Optical Study of Soot Characteristics of Biofuel Spray Combustion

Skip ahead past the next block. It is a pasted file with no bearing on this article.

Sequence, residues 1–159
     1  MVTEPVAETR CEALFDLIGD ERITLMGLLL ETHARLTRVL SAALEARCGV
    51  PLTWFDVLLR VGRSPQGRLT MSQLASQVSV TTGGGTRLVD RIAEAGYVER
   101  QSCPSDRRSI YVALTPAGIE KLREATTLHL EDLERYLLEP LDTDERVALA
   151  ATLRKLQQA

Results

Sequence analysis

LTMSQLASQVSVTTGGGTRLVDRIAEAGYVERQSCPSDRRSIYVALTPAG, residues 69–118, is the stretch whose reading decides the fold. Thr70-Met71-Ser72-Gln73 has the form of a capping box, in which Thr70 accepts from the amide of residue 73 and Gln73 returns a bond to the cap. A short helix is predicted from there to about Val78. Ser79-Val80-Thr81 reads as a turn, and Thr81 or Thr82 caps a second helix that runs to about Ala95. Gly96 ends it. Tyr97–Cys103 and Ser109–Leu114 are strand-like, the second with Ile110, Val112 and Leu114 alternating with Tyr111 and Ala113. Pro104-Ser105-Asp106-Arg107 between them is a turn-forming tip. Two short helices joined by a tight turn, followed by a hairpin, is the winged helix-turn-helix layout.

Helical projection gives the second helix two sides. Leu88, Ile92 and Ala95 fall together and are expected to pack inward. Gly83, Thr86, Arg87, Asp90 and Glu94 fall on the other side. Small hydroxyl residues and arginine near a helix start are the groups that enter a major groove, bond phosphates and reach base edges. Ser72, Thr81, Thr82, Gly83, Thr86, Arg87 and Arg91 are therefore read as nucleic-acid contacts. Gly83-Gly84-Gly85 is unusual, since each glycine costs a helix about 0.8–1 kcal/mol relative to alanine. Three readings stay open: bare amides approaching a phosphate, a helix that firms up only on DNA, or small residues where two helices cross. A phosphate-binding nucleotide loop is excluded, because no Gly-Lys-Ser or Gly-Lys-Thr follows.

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Liquid biofuels for internal combustion engines will likely be part of the future solution for mitigating CO2 emissions to the atmosphere. Several types of biofuels for compression ignition (CI) engines are being developed at the moment, made from sustainable feedstock such as waste animal fat, forest residue and algae. These fuels will only reach the consumer market if they become economically viable and meet the requirements set by authorities for fuel quality and hardware compatibility. Additionally, issues related to pollutant emissions of particulate matter and nitric oxides from CI engines must be considered, where advanced aftertreatment systems have been developed in order to comply to regulations. Particle matter emissions from CI engines poses a considerable challenge since expensive aftertreatment systems are needed and can over time reduce engine performance. By introducing biofuels, an opportunity to reduce the particulate emissions is offered. Biofuels can be designed to have low sooting tendencies and favorable combustion properties, such that clean combustion can be achieved. Biofuels can also be blended to diesel fuel gradually, where both well-to-wheel CO2 emissions and pollutant emissions can be reduced. In order to achieve this, research needs to be conducted on combustion and emission characteristics of existing and novel biofuels. An experimental suite has been developed, enabling detailed investigations on combustion and soot processes in CI engines fueled with biofuels. A redesigned engine with optical access to the combustion chamber has been commissioned, i.e. the optically accessible compression ignition chamber (OACIC), which enables direct optical measurements of a single CI spray. The OACIC is a reciprocating rapid compression machine designed to perform fuel comparison studies, allowing for fast fuel switching and high speed data acquisition. The intake air is heated and compressed, offering a range of engine-like thermodynamic conditions. For the current work, the optical technique diffuse back-illuminated extinction imaging (DBIEI) of soot has been applied to the OACIC. The technique measures the optical density of in-flame soot, which can be related to the soot mass and concentration. Further development of the technique has been performed, including an improved method for correcting the flame luminosity interference on the measurement. Uncertainties related to beam steering have also been assessed in detail, which led to minimization of these effects in the current setup. In addition, a framework for dealing with non-ideal camera characteristics which occurs when subjecting an image sensor for rapid high and low light intensities has been developed and adapted to the DBIEI measurement. By combining DBIEI and high speed OH* chemiluminescence imaging, in-flame soot and flame lift-off length were simultaneously measured, providing information about in-flame soot mass and jet air entrainment. These measurements together offer detailed information on soot production, which can be used to validate numerical simulations and to help elucidate the complex processes behind soot formation and oxidation. The experimental suite was applied to the investigation of combustion of biofuels: An experimental study on in-flame soot in CI sprays of biodiesel surrogate fuels was conducted. The surrogate fuels in subject were methyl oleate, methyl decanoate, n-heptane and a 50/50% molar blend of n-heptane and methyl decanoate. One of the objectives of the study was to compare the surrogates to a commercially available rapeseed methyl ester (RME) biodiesel. In this way, a direct evaluation of the combustion and sooting characteristics was enabled. The sooting tendency and combustion characteristics of methyl oleate are similar to that of RME, since the major component in RME is methyl oleate. Methyl decanoate was observed to have a very low sooting tendency, which is explained by its high oxygen content. Methyl oleate proved to be a fitting surrogate fuel for biodiesel. However, the kinetic reaction mechanism for methyl oleate is very complex and computationally expensive. This makes methyl decanoate based surrogate fuels more fitting, since they have similar combustion chemistry to that of RME, due to the ester moiety. Soot and combustion characteristics of hydrotreated vegetable oil (HVO), RME and diesel fuel were measured in the OACIC. The study showed that diesel fuel produced the highest level of in-flame soot, while HVO and RME produced similar levels. The higher in-flame soot concentration observed for diesel fuel was explained by its aromatics content. HVO produced slightly more in-flame soot than RME, which was likely due to the lack of fuel-bound oxygen in HVO. An investigation of the possible utilization of glycerol as a soot-reducing additive in diesel fuel has been conducted, including experimental and numerical work. Glycerol is a byproduct of the biodiesel production process, where a possible value stream would be to sell it directly as a fuel additive. The main advantage of using glycerol as a fuel is its high oxygen content, potentially reducing particulate emissions. However, the disadvantages of having a low reactivity, high viscosity, and being immiscible with diesel fuel were uncovered. Adding glycerol to diesel resulted in an observed increase of the carbon monoxide concentration in the exhaust, which was due to glycerol's low reactivity. In addition, a decrease in particulate matter emissions and in-flame soot was observed. Numerical simulations showed a reduction of soot precursors and an increase in CO concentration after adding glycerol to n-heptane. The reduction in soot precursors is explained by the added oxygen to the fuel.